Political dysfunction, a healthy ag economy, lack of urgency and the start of a presidential election year. These are all reasons leading agricultural economists to cast doubts on Congress’ ability to pass a new Farm Bill this year, as well as anticipate a strong possibility the legislation will face gridlock throughout all of 2024.
The Ag Economists’ Monthly Monitor is a survey of more than 60 ag economists across the country, conducted by the University of Missouri and Farm Journal. In the October survey, economists were a touch more optimistic about the ag economy picture for next year, while their thoughts around current economic conditions compared to last month remained unchanged.
“I’m not terribly surprised to see very much change in sort of the expectations on prices and incomes for the year,” says Jackson Takach, chief economist with Farmer Mac and one of the economists surveyed each month. “We have a lot of really new information coming out in the July, August, even September timeframe. But when you get to October, I think a lot of those expectations are starting to settle down. We’re starting to really dial into what 23 looks like, and even starting to get a good picture of what 24 is going to start to look like.”
Looking into this month’s results, Tackach says economists expect 2023 net farm income to top $140 billion, while forecasting 2024’s net farm income to reach just over $130 billion. That’s down from the record $183 billion USDA estimates for 2022. It’s not a disaster and more in line with what agriculture saw in 2021.
“It’s almost impossible to repeat the level of farm income that we had ’22,” Tackach says. “So of course, you’re going to see some compression there. What I’m looking for is the revenue side. The input costs went up in 2022, parts of 2023. We’ve seen some relief in some of those input costs. So, now it’s really about the revenue and what happens to commodity prices in 2024. Then, we’re looking at the supply side. What kind of crop do we get out of Brazil? What kind of crop and yield do we get out of the U.S. next year? And I think that’s going to be the deciding factor into how farm incomes go in 2024.”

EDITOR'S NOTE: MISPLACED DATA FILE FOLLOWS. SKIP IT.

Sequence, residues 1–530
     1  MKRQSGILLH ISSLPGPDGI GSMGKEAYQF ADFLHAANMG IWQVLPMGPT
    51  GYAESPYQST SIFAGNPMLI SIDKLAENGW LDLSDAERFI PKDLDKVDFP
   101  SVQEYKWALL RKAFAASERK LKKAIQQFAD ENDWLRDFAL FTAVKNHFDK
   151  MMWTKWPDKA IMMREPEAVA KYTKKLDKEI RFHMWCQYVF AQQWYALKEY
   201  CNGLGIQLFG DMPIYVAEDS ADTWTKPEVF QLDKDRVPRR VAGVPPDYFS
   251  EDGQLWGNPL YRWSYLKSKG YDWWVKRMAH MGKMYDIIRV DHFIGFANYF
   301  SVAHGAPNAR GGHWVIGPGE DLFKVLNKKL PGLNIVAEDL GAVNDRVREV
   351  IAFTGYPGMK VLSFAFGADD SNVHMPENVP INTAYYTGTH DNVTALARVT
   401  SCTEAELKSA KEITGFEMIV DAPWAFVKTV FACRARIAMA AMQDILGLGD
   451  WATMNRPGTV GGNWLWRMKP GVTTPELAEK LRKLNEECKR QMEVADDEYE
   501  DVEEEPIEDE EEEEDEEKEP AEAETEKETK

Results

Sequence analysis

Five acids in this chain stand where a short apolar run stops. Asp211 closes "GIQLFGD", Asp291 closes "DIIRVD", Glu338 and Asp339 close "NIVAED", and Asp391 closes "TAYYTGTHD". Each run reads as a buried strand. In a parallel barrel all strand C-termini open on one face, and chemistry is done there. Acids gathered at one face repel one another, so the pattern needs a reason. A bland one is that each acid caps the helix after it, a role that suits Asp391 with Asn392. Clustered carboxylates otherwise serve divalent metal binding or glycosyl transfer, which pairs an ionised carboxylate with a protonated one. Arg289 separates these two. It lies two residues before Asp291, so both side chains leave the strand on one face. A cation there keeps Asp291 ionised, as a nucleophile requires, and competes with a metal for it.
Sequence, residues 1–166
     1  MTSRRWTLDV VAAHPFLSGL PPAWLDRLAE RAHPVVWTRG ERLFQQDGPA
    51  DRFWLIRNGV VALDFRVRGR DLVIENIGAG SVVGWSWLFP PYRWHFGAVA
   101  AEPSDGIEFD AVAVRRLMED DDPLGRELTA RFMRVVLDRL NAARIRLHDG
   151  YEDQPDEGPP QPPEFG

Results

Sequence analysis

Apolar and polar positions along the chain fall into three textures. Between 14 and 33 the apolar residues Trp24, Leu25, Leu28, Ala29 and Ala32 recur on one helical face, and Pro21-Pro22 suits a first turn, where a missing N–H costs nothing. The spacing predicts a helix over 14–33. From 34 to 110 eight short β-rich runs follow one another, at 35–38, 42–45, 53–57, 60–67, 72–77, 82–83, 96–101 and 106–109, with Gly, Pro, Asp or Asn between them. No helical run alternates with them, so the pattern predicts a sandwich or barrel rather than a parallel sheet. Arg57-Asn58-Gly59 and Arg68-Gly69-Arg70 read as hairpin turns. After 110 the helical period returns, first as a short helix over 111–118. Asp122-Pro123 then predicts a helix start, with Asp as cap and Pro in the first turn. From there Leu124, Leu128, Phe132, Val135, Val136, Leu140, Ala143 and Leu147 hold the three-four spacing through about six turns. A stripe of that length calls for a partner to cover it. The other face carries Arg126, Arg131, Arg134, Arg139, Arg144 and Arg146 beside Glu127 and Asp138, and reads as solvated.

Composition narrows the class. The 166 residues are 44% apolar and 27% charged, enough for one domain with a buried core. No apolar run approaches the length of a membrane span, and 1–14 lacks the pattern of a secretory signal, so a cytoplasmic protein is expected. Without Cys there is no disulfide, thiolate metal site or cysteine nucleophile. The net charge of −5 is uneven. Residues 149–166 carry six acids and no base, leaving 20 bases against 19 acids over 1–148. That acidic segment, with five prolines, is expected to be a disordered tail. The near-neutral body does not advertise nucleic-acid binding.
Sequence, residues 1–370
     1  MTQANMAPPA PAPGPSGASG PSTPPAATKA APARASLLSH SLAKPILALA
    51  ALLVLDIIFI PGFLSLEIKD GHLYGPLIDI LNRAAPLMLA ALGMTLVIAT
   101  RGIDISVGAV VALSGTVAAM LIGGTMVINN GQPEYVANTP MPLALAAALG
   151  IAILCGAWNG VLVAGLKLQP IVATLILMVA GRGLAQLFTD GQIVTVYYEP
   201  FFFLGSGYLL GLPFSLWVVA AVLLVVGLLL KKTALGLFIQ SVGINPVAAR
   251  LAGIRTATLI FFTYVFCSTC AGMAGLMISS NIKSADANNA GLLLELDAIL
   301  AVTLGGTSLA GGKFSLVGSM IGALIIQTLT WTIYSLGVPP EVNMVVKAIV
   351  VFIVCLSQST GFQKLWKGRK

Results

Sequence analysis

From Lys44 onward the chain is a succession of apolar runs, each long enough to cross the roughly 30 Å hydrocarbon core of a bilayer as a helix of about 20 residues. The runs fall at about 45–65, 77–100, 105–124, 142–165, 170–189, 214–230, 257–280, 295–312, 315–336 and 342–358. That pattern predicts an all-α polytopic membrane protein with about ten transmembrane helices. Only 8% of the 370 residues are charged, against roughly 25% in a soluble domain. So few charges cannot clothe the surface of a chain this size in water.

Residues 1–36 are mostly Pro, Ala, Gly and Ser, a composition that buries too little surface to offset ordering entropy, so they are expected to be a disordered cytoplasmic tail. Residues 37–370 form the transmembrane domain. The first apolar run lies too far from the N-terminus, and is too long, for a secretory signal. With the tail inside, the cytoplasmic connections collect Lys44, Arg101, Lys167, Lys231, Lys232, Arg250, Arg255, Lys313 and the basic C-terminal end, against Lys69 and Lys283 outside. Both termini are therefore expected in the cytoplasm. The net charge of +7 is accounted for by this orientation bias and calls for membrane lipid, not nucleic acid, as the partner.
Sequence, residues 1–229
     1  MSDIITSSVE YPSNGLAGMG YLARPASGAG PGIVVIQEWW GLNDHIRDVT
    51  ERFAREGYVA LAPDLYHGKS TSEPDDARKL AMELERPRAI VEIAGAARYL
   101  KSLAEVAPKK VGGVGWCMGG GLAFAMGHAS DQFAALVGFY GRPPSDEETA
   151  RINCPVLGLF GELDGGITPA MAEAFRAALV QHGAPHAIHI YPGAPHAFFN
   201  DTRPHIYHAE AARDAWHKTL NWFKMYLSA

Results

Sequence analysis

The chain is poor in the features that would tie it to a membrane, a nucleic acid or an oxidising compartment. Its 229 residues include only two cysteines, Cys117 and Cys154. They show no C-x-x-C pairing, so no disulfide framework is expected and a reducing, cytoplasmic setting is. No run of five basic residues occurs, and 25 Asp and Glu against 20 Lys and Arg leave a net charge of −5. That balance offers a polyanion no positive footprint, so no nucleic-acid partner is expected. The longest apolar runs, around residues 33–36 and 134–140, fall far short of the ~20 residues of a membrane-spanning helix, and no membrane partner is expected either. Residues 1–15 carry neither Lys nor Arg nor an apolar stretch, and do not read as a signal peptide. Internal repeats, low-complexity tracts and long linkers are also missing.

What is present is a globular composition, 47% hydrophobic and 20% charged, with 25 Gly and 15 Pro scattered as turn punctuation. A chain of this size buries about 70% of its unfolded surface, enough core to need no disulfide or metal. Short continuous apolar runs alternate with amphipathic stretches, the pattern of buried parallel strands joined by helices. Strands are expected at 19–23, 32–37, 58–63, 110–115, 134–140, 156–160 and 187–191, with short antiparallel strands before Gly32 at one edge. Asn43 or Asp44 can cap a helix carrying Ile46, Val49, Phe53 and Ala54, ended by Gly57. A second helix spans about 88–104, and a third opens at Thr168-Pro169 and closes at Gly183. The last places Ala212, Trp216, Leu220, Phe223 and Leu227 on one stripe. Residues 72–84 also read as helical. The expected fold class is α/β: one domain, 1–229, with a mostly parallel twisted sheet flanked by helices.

2025 Farm Bill
With farm income still relatively healthy, and the current state of politics in Washington, the October Ag Economists’ Monthly Monitor shows there’s simply no urgency to get a Farm Bill written and passed, especially with 2024 being a political year.
The October survey asked economists what they thought the biggest hurdles are for getting a new farm bill written and passed. They said:
- Election year in 2024.
- Overall legislative dysfunction and turmoil, including leadership difficulties.
- Funding issues, including those at the overall government level.
- Competing issues and priorities, paired with limited time on the legislative calendar and no urgency around agriculture.
Of those surveyed, 50% think it will be 2025 before Congress passes a new farm bill. 20% think it could happen within the first half of 2024.
“Historically, when you get the alignment of a farm bill with that presidential election cycle, you tend to see people want to wait until after that cycle to see what changes – either colors over the White House or within the house of Congress itself,” Tackach says. “So, I think that’s what the economists are reacting to. This is a presidential election year next year and we’ve got some things we need to address in terms of budgets and funding of the government just in general coming up in November.”